Revealing the Faraday depth structure of radio galaxy NGC 612 with broad-band radio polarimetric observations

Loading next page...
 
/lp/ou_press/revealing-the-faraday-depth-structure-of-radio-galaxy-ngc-612-with-hMeeq4DqKG
Publisher
The Royal Astronomical Society
Copyright
© 2018 The Author(s) Published by Oxford University Press on behalf of the Royal Astronomical Society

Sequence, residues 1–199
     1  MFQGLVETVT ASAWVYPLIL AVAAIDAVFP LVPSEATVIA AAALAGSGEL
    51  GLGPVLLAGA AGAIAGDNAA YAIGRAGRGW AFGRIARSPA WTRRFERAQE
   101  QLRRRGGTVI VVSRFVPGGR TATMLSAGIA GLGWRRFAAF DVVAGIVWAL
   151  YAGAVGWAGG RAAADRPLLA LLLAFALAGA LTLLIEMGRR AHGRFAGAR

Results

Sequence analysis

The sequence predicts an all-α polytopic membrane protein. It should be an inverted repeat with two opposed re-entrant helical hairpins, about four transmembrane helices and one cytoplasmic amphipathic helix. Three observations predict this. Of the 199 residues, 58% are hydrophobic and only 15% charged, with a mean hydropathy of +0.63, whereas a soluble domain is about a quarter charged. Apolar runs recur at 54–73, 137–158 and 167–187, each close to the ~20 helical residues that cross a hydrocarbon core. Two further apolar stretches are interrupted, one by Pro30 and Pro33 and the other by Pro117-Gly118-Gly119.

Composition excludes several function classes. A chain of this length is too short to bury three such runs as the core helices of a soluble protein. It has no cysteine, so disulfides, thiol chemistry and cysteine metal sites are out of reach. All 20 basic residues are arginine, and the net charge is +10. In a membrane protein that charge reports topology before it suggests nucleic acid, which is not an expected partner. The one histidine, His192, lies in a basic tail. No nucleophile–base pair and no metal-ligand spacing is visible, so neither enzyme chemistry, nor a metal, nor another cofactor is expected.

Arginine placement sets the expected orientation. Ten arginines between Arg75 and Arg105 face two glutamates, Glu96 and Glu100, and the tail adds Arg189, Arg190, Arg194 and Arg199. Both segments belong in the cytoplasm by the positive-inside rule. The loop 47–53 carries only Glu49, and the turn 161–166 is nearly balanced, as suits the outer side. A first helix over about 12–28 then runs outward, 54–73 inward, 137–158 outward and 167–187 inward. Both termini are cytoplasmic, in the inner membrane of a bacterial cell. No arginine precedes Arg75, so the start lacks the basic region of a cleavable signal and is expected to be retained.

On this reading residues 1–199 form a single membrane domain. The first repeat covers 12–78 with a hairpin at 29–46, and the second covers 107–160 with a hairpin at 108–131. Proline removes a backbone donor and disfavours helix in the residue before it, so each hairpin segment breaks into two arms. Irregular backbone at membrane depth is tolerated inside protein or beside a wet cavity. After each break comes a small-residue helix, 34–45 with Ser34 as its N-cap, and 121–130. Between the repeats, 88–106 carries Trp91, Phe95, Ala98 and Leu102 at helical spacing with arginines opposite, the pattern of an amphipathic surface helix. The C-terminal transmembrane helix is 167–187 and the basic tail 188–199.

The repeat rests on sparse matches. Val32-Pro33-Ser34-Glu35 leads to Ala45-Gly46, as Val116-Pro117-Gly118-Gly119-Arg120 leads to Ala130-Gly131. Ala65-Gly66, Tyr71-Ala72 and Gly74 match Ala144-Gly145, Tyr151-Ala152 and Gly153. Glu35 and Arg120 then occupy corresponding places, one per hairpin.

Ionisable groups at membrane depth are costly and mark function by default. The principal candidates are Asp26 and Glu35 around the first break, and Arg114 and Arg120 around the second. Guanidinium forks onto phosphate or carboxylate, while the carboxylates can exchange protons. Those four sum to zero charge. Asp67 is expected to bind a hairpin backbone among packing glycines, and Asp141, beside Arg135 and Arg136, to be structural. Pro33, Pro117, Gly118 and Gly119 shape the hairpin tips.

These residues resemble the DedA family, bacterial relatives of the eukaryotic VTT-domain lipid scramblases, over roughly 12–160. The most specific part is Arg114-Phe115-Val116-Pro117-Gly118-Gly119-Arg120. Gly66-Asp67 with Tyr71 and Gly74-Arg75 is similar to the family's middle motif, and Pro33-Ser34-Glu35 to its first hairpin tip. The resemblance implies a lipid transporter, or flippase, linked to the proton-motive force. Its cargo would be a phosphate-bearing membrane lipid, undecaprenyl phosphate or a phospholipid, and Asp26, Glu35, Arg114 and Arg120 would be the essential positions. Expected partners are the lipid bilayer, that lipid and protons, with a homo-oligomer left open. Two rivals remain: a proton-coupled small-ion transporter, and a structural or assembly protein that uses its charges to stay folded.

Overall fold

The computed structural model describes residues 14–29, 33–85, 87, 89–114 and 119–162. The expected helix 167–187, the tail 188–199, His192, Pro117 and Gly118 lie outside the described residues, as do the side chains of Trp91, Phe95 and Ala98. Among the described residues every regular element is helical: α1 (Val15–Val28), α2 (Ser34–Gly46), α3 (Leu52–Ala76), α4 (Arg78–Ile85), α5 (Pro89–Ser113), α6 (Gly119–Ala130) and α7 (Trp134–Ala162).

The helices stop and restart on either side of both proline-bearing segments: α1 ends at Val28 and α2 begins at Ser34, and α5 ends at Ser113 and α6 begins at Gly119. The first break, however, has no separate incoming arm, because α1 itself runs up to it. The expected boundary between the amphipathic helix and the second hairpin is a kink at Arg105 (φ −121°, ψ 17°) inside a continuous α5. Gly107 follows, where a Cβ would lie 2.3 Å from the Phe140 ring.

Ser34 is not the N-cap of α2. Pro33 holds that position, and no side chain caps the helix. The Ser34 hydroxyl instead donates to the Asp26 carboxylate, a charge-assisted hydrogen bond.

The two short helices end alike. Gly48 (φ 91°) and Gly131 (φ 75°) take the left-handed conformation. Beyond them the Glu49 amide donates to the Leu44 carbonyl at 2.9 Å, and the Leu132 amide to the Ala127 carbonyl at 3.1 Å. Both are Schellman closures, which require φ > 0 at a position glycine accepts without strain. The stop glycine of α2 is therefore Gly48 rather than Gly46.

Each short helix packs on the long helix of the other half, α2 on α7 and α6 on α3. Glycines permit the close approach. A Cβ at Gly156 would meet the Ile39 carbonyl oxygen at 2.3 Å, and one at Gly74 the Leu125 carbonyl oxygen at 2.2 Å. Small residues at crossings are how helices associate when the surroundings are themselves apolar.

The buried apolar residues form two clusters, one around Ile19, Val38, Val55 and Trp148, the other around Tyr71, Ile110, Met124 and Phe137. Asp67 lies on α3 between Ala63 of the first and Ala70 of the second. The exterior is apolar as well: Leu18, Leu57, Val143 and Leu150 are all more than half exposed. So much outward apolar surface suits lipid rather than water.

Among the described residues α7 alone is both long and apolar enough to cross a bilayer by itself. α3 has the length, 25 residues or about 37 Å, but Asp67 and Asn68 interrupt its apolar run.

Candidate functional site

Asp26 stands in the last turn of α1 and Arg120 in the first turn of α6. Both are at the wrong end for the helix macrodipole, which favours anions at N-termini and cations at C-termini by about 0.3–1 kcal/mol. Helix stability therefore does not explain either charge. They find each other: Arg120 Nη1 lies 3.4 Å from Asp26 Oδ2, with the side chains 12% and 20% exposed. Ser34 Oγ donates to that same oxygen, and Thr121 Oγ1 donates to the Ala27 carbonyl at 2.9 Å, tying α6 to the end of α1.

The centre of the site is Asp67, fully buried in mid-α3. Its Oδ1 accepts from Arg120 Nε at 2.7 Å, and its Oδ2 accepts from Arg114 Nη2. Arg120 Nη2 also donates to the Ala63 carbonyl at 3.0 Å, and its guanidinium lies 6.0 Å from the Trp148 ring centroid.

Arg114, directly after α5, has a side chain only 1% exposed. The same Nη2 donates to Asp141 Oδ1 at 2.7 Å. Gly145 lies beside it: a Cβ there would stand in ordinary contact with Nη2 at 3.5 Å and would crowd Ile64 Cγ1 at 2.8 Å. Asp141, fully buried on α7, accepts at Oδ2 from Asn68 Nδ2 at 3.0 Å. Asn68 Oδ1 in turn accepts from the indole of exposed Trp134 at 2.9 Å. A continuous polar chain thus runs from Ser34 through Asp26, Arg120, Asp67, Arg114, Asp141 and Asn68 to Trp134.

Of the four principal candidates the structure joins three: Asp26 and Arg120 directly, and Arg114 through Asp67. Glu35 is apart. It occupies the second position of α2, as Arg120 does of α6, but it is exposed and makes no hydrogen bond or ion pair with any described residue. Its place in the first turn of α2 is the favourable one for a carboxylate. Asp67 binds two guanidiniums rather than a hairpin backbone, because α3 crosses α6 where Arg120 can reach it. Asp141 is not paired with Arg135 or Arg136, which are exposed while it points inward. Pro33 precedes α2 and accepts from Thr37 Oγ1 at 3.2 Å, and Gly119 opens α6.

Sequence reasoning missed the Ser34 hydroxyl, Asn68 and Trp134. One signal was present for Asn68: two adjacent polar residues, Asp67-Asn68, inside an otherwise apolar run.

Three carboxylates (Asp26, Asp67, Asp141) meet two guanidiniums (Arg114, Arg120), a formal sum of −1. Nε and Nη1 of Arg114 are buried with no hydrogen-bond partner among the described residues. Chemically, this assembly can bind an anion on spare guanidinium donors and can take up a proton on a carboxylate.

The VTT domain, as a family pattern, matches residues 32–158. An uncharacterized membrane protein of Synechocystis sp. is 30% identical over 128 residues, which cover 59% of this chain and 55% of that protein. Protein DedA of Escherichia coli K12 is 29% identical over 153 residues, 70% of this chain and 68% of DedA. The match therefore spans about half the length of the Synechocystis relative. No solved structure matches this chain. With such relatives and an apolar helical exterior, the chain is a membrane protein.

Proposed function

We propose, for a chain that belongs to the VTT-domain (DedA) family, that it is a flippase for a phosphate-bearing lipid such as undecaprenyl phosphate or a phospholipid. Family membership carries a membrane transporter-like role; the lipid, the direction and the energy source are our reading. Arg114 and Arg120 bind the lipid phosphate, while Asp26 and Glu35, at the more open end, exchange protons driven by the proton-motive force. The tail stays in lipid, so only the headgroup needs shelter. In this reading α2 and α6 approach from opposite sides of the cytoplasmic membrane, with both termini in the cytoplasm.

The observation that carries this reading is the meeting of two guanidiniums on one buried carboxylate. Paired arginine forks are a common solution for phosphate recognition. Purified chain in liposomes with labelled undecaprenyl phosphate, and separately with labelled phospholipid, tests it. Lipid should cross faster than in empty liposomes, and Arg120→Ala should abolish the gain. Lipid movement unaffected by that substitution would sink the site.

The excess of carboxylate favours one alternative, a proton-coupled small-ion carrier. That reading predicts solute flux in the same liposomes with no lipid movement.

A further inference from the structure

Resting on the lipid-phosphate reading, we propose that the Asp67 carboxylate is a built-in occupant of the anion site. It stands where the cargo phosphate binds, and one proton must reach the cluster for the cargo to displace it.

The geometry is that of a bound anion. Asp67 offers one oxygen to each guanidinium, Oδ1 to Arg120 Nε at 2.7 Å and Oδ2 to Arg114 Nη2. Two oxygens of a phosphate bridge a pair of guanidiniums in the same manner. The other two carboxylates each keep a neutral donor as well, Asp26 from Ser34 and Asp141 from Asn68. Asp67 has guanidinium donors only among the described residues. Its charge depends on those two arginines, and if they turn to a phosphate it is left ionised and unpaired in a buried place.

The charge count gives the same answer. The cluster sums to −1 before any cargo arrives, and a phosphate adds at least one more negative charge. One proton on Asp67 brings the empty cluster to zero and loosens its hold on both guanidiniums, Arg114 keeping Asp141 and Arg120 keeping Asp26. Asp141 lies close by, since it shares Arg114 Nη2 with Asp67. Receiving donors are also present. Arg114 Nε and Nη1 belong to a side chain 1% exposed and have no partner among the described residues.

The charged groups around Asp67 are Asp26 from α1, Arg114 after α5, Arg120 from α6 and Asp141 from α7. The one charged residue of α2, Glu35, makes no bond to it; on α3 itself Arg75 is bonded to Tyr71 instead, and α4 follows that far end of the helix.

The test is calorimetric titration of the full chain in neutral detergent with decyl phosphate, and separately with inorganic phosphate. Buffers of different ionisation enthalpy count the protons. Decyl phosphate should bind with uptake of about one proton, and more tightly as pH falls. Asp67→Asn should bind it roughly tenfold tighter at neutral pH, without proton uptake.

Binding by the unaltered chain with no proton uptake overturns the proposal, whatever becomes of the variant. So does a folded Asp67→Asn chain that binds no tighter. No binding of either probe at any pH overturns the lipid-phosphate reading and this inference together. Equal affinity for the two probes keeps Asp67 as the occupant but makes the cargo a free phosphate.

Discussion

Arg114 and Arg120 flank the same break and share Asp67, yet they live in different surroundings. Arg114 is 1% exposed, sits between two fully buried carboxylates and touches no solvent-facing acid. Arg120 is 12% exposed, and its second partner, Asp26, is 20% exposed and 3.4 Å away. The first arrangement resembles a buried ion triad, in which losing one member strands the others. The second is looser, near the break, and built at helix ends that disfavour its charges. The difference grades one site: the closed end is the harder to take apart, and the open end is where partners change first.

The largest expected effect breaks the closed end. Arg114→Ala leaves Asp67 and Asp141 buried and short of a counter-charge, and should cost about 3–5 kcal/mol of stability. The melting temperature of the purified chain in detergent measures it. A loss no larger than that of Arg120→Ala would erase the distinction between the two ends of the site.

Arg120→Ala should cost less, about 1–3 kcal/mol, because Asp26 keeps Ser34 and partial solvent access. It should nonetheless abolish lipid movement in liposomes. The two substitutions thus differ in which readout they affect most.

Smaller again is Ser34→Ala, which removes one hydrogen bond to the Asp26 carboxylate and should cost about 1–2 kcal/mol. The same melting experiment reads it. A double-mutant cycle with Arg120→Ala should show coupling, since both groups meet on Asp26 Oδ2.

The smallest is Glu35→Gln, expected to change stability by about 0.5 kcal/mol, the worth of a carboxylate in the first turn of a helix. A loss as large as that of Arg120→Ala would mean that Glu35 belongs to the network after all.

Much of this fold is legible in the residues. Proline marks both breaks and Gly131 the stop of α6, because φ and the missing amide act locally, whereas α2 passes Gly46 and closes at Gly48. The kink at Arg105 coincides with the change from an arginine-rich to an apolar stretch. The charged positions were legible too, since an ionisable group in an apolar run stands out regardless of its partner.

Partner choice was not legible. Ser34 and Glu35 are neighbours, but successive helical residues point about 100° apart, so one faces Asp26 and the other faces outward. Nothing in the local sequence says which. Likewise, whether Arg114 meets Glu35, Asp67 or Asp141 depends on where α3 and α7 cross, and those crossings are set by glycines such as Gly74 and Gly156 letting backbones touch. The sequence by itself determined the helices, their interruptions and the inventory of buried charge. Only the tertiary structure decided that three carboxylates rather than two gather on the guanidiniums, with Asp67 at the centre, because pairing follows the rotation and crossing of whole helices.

ISSN
0035-8711
eISSN
1365-2966
D.O.I.
10.1093/mnras/sty269
Publisher site
See Article on Publisher Site

Abstract